GOMEZ ZAVAGLIA Andrea
Effect of protective agents and previous acclimation on ethanol resistance of frozen and freeze-dried Lactobacillus plantarum strains
B.M. BRAVO-FERRADA, N. BRIZUELA, E. GERBINO, A. GÓMEZ ZAVAGLIA, L. SEMORILE, E.E. TYMCZYSZYN
ACADEMIC PRESS INC ELSEVIER SCIENCE
Lugar: Amsterdam; Año: 2015 vol. 71 p. 522 - 528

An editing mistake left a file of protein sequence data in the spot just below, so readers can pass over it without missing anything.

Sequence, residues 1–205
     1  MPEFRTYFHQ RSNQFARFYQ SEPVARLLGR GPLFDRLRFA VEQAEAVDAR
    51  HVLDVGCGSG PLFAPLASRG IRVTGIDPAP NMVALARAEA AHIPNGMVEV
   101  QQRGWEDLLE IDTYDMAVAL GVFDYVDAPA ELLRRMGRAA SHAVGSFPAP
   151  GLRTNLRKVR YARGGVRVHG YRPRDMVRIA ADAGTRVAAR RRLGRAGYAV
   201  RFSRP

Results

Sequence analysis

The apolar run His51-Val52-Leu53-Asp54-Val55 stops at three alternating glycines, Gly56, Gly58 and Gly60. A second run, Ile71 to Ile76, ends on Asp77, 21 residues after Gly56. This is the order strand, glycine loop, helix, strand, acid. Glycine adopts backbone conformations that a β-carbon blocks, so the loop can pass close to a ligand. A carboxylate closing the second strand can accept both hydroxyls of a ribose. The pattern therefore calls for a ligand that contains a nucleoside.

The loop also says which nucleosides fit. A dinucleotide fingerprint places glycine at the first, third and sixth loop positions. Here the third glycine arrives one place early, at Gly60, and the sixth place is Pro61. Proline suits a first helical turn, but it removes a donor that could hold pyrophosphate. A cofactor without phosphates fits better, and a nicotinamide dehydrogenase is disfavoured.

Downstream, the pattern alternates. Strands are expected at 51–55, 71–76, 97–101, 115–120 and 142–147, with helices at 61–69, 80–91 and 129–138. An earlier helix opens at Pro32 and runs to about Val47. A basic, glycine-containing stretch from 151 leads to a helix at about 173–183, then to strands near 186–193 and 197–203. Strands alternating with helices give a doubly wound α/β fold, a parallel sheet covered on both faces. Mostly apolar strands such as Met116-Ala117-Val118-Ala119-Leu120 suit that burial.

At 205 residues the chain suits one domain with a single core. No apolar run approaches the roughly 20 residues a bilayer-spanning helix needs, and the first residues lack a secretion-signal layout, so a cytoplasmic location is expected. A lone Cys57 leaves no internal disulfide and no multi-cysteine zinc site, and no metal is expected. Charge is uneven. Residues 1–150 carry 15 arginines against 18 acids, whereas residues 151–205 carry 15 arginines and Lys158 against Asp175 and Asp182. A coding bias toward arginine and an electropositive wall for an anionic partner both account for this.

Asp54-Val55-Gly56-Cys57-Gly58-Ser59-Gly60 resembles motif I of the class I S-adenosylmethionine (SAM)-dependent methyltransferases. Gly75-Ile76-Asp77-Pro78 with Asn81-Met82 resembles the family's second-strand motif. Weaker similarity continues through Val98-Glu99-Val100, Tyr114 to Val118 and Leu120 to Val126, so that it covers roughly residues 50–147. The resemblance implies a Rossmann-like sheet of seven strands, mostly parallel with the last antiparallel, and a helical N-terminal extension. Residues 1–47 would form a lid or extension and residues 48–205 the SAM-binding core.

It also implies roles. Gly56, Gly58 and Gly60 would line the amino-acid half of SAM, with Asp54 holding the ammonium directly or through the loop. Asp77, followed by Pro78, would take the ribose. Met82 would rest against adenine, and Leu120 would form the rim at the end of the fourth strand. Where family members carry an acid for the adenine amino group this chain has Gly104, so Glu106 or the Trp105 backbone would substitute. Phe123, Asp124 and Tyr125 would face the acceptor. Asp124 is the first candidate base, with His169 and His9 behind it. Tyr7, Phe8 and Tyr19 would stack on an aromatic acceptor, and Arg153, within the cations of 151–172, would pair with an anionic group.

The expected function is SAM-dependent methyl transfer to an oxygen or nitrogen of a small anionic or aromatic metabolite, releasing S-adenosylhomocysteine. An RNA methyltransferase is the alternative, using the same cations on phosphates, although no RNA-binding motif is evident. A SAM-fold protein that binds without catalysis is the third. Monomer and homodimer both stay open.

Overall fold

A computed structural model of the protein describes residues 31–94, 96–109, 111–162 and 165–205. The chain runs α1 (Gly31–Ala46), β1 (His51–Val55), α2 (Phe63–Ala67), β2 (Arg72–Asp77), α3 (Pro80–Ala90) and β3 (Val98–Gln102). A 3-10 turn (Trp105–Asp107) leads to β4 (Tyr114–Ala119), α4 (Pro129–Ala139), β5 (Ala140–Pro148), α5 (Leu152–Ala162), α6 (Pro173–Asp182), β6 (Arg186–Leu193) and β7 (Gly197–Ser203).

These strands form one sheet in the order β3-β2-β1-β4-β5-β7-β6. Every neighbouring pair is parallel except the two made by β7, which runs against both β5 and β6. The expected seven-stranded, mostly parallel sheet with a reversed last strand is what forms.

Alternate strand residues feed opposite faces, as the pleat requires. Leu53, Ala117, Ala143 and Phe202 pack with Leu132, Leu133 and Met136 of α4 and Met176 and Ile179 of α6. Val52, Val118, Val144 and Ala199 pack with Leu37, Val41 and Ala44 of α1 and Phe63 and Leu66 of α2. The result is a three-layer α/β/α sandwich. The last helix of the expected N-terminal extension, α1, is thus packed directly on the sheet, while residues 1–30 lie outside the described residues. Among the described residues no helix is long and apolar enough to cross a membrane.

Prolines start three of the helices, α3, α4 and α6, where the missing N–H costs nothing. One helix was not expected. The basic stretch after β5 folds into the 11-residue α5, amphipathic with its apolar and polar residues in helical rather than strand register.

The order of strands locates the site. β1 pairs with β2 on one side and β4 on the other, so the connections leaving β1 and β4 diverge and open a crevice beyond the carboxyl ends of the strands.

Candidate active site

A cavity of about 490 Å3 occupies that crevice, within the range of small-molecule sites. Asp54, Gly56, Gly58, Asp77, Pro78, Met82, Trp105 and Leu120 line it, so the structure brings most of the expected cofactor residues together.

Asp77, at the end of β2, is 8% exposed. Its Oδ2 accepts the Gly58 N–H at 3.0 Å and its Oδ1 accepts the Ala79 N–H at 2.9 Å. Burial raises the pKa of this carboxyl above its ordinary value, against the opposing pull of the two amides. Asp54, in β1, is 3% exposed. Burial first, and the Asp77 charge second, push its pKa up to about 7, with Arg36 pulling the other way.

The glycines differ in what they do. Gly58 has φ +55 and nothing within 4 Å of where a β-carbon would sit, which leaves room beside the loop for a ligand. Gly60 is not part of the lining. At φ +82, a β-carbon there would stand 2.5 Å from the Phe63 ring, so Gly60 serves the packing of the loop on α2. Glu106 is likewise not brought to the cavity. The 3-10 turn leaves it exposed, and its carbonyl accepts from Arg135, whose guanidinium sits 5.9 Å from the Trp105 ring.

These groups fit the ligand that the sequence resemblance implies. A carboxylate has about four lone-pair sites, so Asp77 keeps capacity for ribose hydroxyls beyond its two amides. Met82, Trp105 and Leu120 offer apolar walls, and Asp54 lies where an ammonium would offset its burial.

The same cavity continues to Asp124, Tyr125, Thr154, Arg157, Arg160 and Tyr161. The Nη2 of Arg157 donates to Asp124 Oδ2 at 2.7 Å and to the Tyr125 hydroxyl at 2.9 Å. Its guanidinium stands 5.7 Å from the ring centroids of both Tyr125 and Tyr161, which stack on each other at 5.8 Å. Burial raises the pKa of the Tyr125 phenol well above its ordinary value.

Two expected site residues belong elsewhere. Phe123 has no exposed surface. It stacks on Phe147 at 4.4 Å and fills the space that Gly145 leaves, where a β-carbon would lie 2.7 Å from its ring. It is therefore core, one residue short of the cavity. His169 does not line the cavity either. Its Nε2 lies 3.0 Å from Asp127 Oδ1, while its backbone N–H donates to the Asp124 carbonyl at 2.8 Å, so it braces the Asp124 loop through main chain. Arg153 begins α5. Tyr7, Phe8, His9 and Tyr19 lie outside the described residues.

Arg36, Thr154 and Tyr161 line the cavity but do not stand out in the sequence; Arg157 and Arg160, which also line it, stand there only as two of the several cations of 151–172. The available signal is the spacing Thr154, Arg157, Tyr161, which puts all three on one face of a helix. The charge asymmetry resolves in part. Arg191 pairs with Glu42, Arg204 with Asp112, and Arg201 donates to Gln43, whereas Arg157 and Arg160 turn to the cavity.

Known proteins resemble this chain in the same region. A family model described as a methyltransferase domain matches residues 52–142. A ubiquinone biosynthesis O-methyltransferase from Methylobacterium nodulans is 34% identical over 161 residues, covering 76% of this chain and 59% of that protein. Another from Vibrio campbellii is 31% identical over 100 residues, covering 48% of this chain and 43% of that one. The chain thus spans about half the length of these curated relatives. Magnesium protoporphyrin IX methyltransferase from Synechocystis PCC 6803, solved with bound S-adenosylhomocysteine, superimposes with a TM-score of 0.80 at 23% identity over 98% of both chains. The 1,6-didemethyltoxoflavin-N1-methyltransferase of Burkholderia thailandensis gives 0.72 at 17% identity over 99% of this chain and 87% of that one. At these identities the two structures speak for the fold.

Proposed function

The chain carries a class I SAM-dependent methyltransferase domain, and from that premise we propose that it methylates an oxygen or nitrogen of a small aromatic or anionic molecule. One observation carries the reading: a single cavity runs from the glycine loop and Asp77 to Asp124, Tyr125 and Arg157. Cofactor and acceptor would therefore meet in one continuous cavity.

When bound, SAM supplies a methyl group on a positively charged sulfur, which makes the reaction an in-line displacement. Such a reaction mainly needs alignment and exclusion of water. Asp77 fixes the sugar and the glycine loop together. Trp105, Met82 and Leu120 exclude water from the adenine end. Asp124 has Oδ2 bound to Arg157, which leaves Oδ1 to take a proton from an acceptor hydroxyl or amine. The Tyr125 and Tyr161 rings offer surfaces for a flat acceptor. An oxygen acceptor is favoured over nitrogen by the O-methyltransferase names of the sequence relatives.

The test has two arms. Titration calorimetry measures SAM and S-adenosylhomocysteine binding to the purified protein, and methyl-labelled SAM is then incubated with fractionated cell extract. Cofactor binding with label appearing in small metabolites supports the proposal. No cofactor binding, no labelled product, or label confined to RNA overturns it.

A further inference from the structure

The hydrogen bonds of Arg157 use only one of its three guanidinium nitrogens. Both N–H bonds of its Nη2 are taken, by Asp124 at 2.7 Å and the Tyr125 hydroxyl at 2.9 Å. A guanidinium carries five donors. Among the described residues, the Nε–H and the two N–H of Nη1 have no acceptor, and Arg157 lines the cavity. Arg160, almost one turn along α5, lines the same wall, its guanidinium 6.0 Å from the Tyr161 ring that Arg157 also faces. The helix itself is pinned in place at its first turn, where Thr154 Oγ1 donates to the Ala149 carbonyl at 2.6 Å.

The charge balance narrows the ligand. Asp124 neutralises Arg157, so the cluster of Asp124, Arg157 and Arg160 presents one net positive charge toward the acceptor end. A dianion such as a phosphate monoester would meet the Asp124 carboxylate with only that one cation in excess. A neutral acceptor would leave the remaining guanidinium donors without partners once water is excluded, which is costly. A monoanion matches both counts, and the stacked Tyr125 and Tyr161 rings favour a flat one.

The aim of this work was to study the protective effect of sucrose, trehalose and glutamate during freezing and freeze-drying of three oenological L. plantarum strains previously acclimated in the presence of ethanol. The efficiency of protective agents was assessed by analyses of membrane integrity and bacterial cultivability in a synthetic wine after the preservation processes. No significant differences in the cultivability, with respect to the controls cells, were observed after freezing at -80 ºC and -20 ºC, and pre-acclimated cells were more resistant to freeze-drying than non-acclimated ones. The results of multiparametric flow cytometry showed a significant level of membrane damage after freeze-drying in two of the three strains. The cultivability was determined after incubation in wine-like medium containing 13 or 14% v/v ethanol at 21 °C for 24 h and the results were interpreted using principal component analysis (PCA). Acclimation was the most important factor for preservation, increasing the bacterial resistance to ethanol after freezing and freeze-drying. Freeze-drying was the most drastic method of preservation, followed by freezing at -20 °C. The increase of ethanol concentration from 6 to 10% v/v in the acclimation medium improved the recovery of two of the three strains. In turn, the increase of ethanol content in the synthetic wine led to a dramatic decrease of viable cells in the three strains investigated. The results of this study indicate that a successful inoculation of dehydrated L. plantarum in wine depends not only on the use of protective agents, but also on the cell acclimation process prior to preservation, and on the ethanol content of wine.